While BOL is established by government as company limited by guarantee, it will not benefit financially from the partnership with Debswana, as citizen empowerment in the petroleum value chain is core to BOL’s mandate.
“BOL does not pursue citizen facilitation for financial benefit, but rather we engage in citizen facilitation as a social aspect of our mandate. Citizen facilitation comes at a cost, but it is the right thing to do for the country to develop the oil and gas industry,” she said.
Mmipi said supplying fuel to Debswana comes with commercial benefits such as supply margins. These have traditionally been made outside the country when supply was done by multi-nationals for a period spanning over 50 years. With BOL anchoring supply for Debswana, this benefit will accrue locally, and BOL will be able to pay taxes and dividends to the shareholders in Botswana.
PwC Africa has presented the eighth edition of the VAT in Africa Guide – Africa re-emerging. This backdrop of renewal informs on the re-emergence of African economies and societies which have been affected by the COVID-19 pandemic.
In this edition, which has been compiled by PwC Africa’s indirect tax experts, covers a total of 41 African countries. It is geared towards sharing insight with our clients based on the constantly changing tax environments that can have a significant impact on business operations.
Within Africa, governments continue to focus on expanding the tax net by improving revenue collection through efficient compliance systems and procedures. PwC Africa has observed that revenue authorities also continue to take a keen interest in indirect taxes as part of revenue mobilisation initiatives.
Maturing VAT system and upskilling SARS
“In South Africa, VAT is becoming more relevant as a revenue source for the government,” says Matthew Besanko, PwC South Africa’s Indirect Tax Leader. “Strides have been made to upskill South African Revenue Service (SARS) staff and identify VAT revenue leakages, particularly in respect of foreign suppliers of electronic services to people and businesses in South Africa.”
Broadening the tax base and digital economy
In the past year, South Africa, Mozambique and Zimbabwe saw updates to their VAT legislation, or introduced specific legislation targeting electronically supplied services (ESS), which is in line with the global trend of attempting to tax the digital economy. “The expectation is that Botswana will also introduce VAT legislation in due course, while the National Treasury in South Africa has also made mention of revising the rules to account for further developments in the digital economy,” Besanko says.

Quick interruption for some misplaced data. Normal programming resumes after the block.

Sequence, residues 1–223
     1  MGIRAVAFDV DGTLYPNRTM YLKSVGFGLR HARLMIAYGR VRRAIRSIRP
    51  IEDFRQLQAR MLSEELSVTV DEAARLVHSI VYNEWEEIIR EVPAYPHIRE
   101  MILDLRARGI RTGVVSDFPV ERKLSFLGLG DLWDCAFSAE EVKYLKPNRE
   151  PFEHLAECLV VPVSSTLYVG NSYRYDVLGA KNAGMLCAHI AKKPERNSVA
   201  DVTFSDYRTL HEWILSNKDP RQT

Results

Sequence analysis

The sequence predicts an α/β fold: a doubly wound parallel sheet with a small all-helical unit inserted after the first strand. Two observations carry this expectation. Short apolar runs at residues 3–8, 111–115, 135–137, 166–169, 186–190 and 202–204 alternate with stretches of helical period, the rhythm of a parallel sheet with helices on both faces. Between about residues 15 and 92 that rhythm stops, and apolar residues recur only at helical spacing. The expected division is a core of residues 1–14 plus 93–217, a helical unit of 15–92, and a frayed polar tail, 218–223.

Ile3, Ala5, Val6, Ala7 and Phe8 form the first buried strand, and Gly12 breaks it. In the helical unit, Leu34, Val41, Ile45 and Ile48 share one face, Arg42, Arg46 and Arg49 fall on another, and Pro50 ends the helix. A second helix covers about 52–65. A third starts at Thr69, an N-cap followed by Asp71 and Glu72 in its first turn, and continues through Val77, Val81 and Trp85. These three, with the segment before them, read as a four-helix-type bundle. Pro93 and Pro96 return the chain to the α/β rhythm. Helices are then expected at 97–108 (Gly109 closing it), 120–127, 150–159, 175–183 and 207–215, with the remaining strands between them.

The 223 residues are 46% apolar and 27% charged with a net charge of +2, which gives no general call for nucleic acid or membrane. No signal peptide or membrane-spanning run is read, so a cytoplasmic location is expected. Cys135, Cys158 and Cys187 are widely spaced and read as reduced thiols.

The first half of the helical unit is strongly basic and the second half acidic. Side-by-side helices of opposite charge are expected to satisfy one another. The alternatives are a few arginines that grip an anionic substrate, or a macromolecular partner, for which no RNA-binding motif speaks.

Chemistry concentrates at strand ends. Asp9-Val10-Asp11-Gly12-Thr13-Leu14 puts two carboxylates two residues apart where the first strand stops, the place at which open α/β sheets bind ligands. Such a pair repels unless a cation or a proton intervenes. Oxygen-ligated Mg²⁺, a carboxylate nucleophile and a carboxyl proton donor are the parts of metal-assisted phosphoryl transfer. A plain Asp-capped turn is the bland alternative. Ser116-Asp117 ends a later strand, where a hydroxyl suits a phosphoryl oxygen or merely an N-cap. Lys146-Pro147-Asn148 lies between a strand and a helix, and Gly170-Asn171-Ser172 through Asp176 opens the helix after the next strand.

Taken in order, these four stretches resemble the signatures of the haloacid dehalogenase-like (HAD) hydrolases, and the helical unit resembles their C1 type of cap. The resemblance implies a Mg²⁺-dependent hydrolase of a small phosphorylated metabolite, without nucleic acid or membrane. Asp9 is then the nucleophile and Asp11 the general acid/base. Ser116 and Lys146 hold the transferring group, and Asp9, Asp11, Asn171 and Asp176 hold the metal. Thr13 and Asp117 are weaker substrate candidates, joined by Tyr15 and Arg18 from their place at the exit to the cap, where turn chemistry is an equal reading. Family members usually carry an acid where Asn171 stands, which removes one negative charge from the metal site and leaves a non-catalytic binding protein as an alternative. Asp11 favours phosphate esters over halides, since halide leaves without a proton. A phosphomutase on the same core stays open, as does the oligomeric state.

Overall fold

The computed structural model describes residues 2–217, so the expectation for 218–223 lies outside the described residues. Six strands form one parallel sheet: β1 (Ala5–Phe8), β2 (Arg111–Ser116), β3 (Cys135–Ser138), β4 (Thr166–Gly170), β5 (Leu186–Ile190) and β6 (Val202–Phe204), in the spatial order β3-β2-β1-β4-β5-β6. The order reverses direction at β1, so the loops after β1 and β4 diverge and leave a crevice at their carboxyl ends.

South Africa’s National Treasury has also drafted legislation with the intention to introduce a reverse charge on gold, which is expected to come into effect later in 2022. While in Zimbabwe, revenue authorities have introduced a tax on the export of raw medicinal cannabis ranging between 10% and 20%, which came into effect on 1 January 2021.
ESG and carbon tax
Key strides have also been made within the Environmental, Social and Governance (ESG) space. “ESG leadership, strategising and reporting is essential now for organisations that wish to flourish and remain relevant,” Kabochi says. He adds that companies need to consider how ESG and tax intersect, since tax is a significant value driver when businesses need to deliver on their ESG goals.
In South Africa, a carbon tax regime, which is being implemented in three phases, has been adopted. The second phase was scheduled to start in January 2023, however phase one was extended by three years until 31 December 2025.
Until then, taxpayers will enjoy substantial tax-free allowances which reduce their carbon tax liability. At the beginning of 2022, the South African government increased the carbon tax rate to R144 (about US$9), which is expected to increase annually to enable South Africa to uphold its COP26 commitments.
With effect from 1 January 2023, carbon tax payers in South Africa will also be required to submit carbon budgets and adhere to the provisions of the carbon budgeting system which will be governed by the Climate Change Bill. Where set carbon budgets are exceeded, the government plans to impose penalties. “At PwC, we are continuously focused on our renewed global strategy, ” The New Equation,” Kabochi says. “Through this strategy, a key focus area for PwC Africa is to support clients in adding value to their ESG ambitions and building trust through sustained outcomes.”